The site is enclosed in a defense wall that the origins goes back to the 4th millennium b.c. Since early antiquity the site had a East gate giving to the mainland and a North gate giving to the sea and the Phoenician Port of Byblos. It is said that the city had two ports as of the customs on the Phoenicians, one on the North part of the site and one on the South part.
It is not been proved but it is said that perhaps the settlements in the site were reserved to the city personnel and the people taking care of the temples and that the populations lived outside the walls towards the North and East of the acropolis.
The Quaternary plateau of Byblos and beaches of Byblos is down dropped block covered with poudingues and sandstones on top of the formation of Ghazir Marls. This Quaternary formation is a sheltered bay against the up-thrown block of the formation of Ghazir Marls at the location of Saqiet Zaidane (Clif just 1km north of the port of Byblos) from one side, and the massive Turonian limestone strata south along the shore from Ras Qartaboun to Halate (Clif just 5km south of the port of Byblos) on the other side. This down dropped block forming the plateau and the bay of Byblos were created by a normal faulting occurred since Tertiary time. The differential erosion that followed the faulting coupled with uplift uncovered the substratum of Ghazir Marls at Saqiet Zaidan.
The sources used to study the history of Byblos are the classical sources written by the Greeks and Romans, the Biblical texts, the outputs of Egypt, Babylon and Assyria and the Hittites, the Amarna letters, the reports of the Egyptian emissary Wenamun, the Ugarictic texts and the study of some inscription and works on artifacts.
Several Greek histories of the Phoenicians and Byblos once existed. Besides the histories by Menander of Ephesus and Dius, we know of the Phoinikika by Hestiaeus. Philostratus also composed a Phoenician history. The Suda mentions local histories of Byblos and one is by a certain Aspasius of Byblos. Josephus also cites a passage from a Phoenician history by the historian Dius.
Philo of Byblos writing in about 100 BCE, supposedly translated into Greek a much older Phoenician history by Sanchuniathon. Porphyry locates Sanchuniathon in the time of Semiramis. Porphyry says Sanchuniathon collected all the ancient history from city records and temple registers and wrote it up in the Phoenician language. Philo of Byblos in his famous book Sanchuniathon wrote the history of the Phoeniciens and Byblos. Philo's work was largely dismissed as Greek storytelling until a treasure trove of Bronze Age mythical texts discovered at the port of Ugarit and fragments of the Hittite Kumarbi myths found in Turkey revealed surprisingly close parallels with parts of his text.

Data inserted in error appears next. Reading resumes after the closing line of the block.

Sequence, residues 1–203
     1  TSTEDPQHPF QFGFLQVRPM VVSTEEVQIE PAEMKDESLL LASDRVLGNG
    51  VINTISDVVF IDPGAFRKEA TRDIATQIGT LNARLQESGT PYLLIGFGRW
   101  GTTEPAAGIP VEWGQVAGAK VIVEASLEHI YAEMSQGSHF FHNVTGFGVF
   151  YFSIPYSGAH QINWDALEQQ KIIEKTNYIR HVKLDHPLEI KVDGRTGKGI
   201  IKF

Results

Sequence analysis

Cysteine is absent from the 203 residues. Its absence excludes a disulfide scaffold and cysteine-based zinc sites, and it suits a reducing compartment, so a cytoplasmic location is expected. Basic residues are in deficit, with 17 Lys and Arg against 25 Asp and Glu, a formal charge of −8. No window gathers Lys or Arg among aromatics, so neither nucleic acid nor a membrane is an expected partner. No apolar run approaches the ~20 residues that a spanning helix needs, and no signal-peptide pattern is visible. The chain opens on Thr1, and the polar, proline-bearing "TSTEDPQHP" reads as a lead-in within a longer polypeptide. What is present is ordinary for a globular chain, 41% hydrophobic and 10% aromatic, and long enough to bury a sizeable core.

Byblos is mentioned in hieroglyphic and hieratic records of Egypt for almost 2000 years. The earliest mention of the city's name found on a lintel of a door of a 4th Dynasty at Giza and the city was spelled Kbn. During the 6th Dynasty Kbn is mentioned in the tomb inscription of Pharaoh Khui. In a text from this same dynasty of Pharaoh Pepi the term "Byblos-ships" is mentioned. In the 18th Dynasty the city's name is spelled Kpn instead of kbn. On two 12th Dynasty Coffin Texts the city was mentioned. The transition from Kbn to Kpn took place during the 12th Dynasty. The mention of the city name is found on a manuscript of the Story of Sinuhe which dates from the late 12th Dynasty . Also in a letter from Kahun the city was mentioned. Byblos name occurs in several Egypt Middle Kingdom inscriptions one of which is on a 12th-Dynasty stele in the British Museum. The city name occurs twice in Sethe's texts. The name occurs also in the Papyrus Ebers written during the Egypt Second Intermediate period. In the Egypt New Kingdom texts Byblos occurs on the Gebel Barkal Stele of Thutmose III and on a stele of War about an officer of Amenhotep II and in an Asiatic list of Amenhotep III. The city's name is also found in the satyrical letter of the Papyrus Anastasi I of the 19th Dynasty. The story of Egyptian emissary Wenamon of the 21st Dynasty tells about his voyage to Byblos. The Amarna Letters of the 14th century BCE talk about the correspondance between Byblos and Egypt. The city is mentioned in the Onomasticon of Amenope which comes from the 22d Dynasty. In cuneiform records from Mesopotamia Byblos is mentioned first in two Drehem texts of the 3d Dynasty of Ur where it is spelled Ku-ub-la. Also from Mesopotamia Byblos is mentioned in the Mari texts of the 18th century BCE. Yantin-Ammu or Inten king of Byblos in the 18th-century BCE is mentioned in cuneiform text found in Mari. Zirmri-Lim of Mari with his son Hammurabi met Yantin-Ammu of Byblos during a military campaign . The city is mentioned in the Assyrian texts from Tiglath-pileser I down to Ashurbanipal, and a Babylonian text from the time of Nebuchadnezzar II where the city is spelled is Gublu, Gubal or Gubla. In Phoenician inscriptions written in alphabetic script the name of Byblos occurs first on the Ahiram Sarcophagus. The name of the city written Gbl found in the Onomasticon of Eusebius. The city is mentioned in a hieroglyphic on obelisk found in the Obelisk-Temple at Byblos. Byblos is mentioned also several times in the Bible.
Byblos is mentioned four times in the Bible
The area of Byblos; and all Lebanon to the east, from Baal Gad below Mount Hermon to Lebo Hamath.
The craftsmen of Solomon and Hiram and workers from Byblos cut and prepared the timber and stone for the building of the temple.
Byblos, Ammon and Amalek, Philistia, with the people of Tyre.
Veteran craftsmen of Byblos were on board as shipwrights to caulk your seams. All the ships of the sea and their sailors came alongside to trade for your wares.